Don’t know the Chas Freeman story or why it matters? You can start with Muzzlewatch editor Cecilie Surasky’s op-ed in yesterday’s Oakland Tribune. Chas Freeman is now doing lots of no holds-barred interviews on his battle with “the Israel Lobby.” Watch his extensive Al Jazeera video interview above, or read his interview with the terrific Larry Cohler-Esses at the Forward.
But Freeman also did not mince words about his view of American and Israeli interests. They are, he said, “divergent.”
“It’s a foreign country, and while maybe 40 years ago many of its values were convergent with ours, I think there’s been a divergence of values,” Freeman told the Forward in a phone interview. He argued that this trend is embodied most clearly in the rise of controversial right-wing Israeli politician Avigdor Lieberman.
“I think the values in Israel are deeply disturbing now to many in the Jewish community, as well,” he said.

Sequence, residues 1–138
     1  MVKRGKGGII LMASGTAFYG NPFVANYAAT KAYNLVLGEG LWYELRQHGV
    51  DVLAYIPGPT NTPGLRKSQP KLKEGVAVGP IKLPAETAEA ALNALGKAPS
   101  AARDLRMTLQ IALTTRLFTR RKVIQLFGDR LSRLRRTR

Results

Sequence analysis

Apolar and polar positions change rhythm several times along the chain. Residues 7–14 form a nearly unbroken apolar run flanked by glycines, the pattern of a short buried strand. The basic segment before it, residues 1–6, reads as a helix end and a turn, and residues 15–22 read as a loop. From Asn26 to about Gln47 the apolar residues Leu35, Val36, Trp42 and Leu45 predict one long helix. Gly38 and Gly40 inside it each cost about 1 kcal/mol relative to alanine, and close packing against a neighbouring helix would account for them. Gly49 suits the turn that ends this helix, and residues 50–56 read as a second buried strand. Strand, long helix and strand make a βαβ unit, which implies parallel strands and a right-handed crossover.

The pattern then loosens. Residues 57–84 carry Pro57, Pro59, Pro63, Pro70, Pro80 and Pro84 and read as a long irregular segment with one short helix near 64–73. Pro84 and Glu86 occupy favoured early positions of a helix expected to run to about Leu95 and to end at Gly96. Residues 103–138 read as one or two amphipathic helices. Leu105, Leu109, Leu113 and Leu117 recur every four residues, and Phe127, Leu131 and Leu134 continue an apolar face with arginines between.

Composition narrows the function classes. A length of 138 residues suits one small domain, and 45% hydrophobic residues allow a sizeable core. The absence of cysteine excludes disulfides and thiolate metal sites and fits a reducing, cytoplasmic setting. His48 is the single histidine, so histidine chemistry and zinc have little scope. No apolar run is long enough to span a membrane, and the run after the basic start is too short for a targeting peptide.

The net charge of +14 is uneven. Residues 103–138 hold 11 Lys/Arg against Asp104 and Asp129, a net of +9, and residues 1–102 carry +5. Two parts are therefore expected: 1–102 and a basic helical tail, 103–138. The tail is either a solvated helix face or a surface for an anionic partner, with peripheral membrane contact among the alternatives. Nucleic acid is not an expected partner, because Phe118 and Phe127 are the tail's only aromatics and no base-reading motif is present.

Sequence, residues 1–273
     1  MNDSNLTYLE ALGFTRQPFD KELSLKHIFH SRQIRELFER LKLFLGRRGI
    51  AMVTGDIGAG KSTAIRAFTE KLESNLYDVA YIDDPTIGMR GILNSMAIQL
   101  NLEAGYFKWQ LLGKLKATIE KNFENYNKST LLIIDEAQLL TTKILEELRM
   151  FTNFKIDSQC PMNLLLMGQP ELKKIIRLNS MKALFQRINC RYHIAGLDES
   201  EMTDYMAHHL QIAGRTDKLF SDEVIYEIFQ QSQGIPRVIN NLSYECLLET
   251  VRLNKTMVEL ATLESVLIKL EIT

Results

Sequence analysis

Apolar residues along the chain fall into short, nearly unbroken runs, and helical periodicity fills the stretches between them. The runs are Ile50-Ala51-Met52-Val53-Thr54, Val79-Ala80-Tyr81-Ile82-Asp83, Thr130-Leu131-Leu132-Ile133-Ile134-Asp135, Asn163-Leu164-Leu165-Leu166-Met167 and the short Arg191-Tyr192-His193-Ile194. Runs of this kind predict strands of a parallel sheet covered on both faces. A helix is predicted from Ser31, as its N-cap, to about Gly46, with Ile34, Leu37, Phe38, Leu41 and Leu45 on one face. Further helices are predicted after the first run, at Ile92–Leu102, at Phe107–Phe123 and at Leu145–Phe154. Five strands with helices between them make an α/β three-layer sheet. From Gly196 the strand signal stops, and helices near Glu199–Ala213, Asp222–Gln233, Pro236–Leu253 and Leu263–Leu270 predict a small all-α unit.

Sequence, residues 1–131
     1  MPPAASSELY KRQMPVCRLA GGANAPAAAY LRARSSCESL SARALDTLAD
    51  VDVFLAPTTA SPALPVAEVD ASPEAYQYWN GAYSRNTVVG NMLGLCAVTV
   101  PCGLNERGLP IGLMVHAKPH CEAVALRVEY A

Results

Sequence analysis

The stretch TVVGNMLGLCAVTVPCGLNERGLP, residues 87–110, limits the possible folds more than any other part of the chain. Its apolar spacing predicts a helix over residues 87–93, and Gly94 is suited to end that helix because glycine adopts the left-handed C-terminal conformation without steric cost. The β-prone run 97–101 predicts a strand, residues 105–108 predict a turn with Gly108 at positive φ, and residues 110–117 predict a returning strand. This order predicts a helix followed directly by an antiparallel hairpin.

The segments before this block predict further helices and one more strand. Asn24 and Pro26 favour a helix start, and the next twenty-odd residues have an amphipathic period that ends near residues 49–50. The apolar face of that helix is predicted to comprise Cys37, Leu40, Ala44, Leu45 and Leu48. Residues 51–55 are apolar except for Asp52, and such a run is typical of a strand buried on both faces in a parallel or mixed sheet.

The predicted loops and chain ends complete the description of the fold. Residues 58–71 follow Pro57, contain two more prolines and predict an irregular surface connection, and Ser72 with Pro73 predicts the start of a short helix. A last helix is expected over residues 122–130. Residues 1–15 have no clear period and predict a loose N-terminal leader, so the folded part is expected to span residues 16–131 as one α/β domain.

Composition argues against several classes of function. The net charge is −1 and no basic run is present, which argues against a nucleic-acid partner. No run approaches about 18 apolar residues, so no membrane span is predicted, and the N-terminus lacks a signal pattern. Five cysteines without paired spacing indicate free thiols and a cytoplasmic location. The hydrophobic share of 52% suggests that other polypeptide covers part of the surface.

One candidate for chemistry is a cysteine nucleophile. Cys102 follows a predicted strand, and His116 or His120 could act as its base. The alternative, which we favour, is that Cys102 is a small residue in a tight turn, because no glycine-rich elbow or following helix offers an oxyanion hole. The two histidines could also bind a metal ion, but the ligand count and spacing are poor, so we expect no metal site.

He does, however, moderate some of his earlier accusations that his job nomination was torpedoed by the entire “the Israel Lobby”:
He has since voiced regret that he referred to his opponents then as “the Israel Lobby.” “I’d call this little group the ‘Lieberman lobby,’” he told the Forward, explaining that he viewed them as hardcore defenders of what he considers Israel’s racist tendencies toward Palestinians, as embodied by Lieberman, the country’s incoming foreign minister.
Freeman is absolutely right to make this distinction. Lobbying for an Israel that is a truly democratic nation does not make one an automatic supporter of occupation, racism and injustice (any more than lobbying for a hyphenated Israel-Palestine makes one a hater of Jews).
For too long, the lobby has been exclusively represented by Likudniks/or the Lieberman lobby as Freeman calls it, but that it changing. “The Israel Lobby” is increasingly becoming a sloppy term that renders invisible a great deal of difference on the political scale, and erases the many people who consider themselves part of the lobby with deeply humanitarian concerns who would want to see someone like Chas Freeman analyze intelligence for the US.
It is possible, in fact desirable, to care equally deeply about both Israelis and Palestinians, and to want for them peace, justice and democracy in the form they choose.